|The stupid question is the question not asked|
Re: (OT) On starting a new jobby dimar (Curate)
|on Dec 01, 2004 at 20:16 UTC||Need Help??|
Considering the dilligence with which you preceeded putting this meditation online, I'd bet that *you* personally would be a good employee to have. That's my first impression. Kudos to you on that account.
My second impression: although these may be good pointers for starters ... there's also a flip side to nearly every one of the points you raised, and the 'naysayers' of the world will do their part to reveal the antithesis.
There is no substitute for experience, understanding, and wisdom.
Grist for the mill, here are just some bits to chew on ... (assuming we're talking about programming jobs)Exude self-confidence and intelligence Change this to "Be true to yourself"
Certain positions and professions place a premium on maintaining the appearance of 'knowitall-super-genius' ... but this also tends to (justifiably and unjustifiably) alienate people. Of course, if you are exceptionally bright and naturally confident, there's no reason why you should not let it show ... but be ready to keep a lot of really good and revolutionary ideas to yourself. If your ideas are really good, and really revolutionary, people will resist them tooth and nail, and either you, or they will be dragged out kicking and screaming.
Try to fit in Change this to "bathe regularly and wear nice clothes"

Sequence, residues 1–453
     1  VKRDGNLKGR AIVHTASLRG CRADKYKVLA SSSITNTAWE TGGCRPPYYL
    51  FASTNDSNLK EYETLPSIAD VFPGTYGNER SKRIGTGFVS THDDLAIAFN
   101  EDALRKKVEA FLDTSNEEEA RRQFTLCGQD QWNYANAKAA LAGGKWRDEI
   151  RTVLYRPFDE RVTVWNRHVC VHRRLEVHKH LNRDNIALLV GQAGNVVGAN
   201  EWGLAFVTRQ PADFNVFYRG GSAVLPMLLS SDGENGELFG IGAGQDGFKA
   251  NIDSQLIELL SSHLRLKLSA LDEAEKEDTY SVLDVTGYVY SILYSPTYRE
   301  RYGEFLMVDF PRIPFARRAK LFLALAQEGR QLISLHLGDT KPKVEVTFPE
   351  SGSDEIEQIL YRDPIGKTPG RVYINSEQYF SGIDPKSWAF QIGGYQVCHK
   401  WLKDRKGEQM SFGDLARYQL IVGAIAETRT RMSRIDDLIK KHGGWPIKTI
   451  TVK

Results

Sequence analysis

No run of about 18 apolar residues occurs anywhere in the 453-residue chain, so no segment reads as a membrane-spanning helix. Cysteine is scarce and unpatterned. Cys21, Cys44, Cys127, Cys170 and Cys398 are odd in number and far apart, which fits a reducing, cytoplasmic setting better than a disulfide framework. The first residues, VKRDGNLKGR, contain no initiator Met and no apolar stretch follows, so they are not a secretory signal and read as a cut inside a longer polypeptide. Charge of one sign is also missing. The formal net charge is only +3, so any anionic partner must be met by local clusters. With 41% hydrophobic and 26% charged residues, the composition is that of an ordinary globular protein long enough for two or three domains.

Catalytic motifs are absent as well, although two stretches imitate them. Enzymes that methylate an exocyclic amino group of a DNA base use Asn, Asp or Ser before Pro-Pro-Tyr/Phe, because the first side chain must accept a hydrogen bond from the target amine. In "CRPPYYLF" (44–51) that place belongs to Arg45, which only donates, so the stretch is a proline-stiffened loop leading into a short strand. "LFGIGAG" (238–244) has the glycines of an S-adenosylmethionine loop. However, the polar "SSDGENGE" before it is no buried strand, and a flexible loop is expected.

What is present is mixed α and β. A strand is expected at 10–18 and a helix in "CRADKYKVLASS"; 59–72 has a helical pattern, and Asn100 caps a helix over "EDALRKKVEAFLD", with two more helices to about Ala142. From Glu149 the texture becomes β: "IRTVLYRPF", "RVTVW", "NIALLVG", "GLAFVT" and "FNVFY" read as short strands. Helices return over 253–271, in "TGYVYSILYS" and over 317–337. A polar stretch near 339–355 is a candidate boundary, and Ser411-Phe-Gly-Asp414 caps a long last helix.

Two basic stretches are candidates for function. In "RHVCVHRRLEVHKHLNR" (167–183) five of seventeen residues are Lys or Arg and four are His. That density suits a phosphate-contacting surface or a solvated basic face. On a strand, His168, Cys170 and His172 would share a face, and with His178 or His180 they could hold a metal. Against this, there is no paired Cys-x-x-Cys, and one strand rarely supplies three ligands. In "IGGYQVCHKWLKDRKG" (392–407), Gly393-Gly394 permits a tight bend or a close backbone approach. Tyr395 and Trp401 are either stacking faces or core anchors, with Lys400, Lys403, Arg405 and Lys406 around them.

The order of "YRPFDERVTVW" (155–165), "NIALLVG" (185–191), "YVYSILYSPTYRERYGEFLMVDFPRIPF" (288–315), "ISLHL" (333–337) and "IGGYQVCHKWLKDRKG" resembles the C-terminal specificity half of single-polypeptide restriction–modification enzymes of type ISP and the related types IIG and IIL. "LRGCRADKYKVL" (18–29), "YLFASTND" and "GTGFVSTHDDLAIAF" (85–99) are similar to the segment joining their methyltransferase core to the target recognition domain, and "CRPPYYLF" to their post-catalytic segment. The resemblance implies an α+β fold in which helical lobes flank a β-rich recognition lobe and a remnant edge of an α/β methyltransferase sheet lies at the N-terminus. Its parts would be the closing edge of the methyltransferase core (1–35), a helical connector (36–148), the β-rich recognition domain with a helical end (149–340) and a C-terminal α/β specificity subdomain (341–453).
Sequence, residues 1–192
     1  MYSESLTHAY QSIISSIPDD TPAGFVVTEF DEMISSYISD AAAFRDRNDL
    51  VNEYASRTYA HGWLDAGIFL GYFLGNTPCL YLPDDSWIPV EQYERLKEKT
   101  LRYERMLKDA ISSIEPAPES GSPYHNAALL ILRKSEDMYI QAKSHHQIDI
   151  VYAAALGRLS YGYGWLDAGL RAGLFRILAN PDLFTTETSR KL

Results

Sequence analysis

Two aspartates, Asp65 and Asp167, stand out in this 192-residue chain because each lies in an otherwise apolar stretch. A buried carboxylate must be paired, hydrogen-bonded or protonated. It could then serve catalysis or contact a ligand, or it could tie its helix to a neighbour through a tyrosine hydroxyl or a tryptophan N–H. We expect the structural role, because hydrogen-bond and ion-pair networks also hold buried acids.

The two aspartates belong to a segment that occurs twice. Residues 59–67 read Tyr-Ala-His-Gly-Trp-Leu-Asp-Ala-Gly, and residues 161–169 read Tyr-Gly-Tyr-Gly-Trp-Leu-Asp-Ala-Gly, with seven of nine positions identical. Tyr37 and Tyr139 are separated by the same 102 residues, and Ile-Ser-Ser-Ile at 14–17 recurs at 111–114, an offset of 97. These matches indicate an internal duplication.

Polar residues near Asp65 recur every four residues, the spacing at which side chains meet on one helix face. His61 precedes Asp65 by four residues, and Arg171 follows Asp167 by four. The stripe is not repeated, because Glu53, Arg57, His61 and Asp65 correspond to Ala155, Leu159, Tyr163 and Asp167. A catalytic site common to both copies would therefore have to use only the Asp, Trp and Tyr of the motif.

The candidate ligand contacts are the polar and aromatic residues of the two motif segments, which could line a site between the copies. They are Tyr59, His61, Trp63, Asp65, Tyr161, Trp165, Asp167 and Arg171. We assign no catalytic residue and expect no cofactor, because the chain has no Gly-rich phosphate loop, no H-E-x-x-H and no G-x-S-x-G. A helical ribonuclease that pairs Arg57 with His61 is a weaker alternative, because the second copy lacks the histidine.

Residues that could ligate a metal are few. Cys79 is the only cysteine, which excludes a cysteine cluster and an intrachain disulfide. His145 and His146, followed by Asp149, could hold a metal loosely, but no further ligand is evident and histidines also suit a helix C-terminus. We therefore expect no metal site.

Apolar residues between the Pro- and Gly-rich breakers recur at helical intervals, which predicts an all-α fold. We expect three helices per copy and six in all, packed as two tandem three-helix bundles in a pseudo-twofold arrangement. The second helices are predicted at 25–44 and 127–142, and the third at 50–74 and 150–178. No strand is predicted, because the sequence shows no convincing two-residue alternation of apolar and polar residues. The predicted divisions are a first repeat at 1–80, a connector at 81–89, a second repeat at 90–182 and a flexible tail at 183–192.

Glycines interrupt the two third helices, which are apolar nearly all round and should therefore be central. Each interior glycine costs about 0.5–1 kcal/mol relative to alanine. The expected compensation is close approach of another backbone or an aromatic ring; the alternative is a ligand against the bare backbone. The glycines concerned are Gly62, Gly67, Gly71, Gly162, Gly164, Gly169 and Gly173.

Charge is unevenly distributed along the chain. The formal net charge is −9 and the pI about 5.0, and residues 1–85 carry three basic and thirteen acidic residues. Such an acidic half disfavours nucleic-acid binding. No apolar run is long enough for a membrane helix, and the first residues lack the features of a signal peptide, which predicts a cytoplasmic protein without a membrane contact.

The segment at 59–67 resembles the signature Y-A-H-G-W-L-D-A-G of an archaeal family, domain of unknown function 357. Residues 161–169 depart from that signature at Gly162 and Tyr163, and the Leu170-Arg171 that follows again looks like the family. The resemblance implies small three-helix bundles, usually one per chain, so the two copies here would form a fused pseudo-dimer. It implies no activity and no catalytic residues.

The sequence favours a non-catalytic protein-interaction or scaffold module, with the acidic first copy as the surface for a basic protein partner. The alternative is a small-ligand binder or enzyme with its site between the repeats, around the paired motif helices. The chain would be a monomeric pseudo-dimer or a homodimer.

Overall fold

"Be yourself, but try to belong" sounds like touchy-feely-greeting-card-speak, and lacks falsifiability, therefore toss this one into Marketing and let them play with it.Don't be late to work No change
No brainer, but good to keep on the checklist, very few people are 100% punctual.Don't step on any toes Change this to "choose your battles sparingly, but wisely"
This one is a doozy, because, by definition, you are stepping on *someone's* toes by the mere fact that you are accepting money in exchange for your time. You aren't the only person who interviewed for that job, and your paths may soon cross with someone that you beat out for the position (you are in the same industry, after all). Moreover, the job would not have been available unless someone thought the existing personnel and resources were inadequate (for whatever reason).
That's just the very tip of the iceburg. What
happens when you are caught in the middle of an internal religious war, turf battles,
or divisions that do not talk to one another? What if you are pressured to join in on
shunning the 'village idiot/outcast' or opposing a pervasive policy that is manifestly unfair and
possibly even unethical/illegal?
All employers spy on their employees at work (and off work). Even if you work at a help desk in a remote office by yourself and you never get calls, you signed away a whole chunk of your life just to get the job. The realities of Federal workplace regulations and taxes mean that you can assume there is no element of your life that is outside of scrutiny. Keystroke loggers and email monitoring are just the trivial annoying flies buzzing around that huge steaming pile of legalese and tax minutia that you signed when you applied and when you accepted the job. That's where the real stink is. That's the most likely attack vector for snoops into your "privacy".
Cast a critical eye on your new job Change this to "A bird in the hand is worth ..."
Perhaps these may come off as the words of a 'naysayer' ... but like I said, just grist for the mill.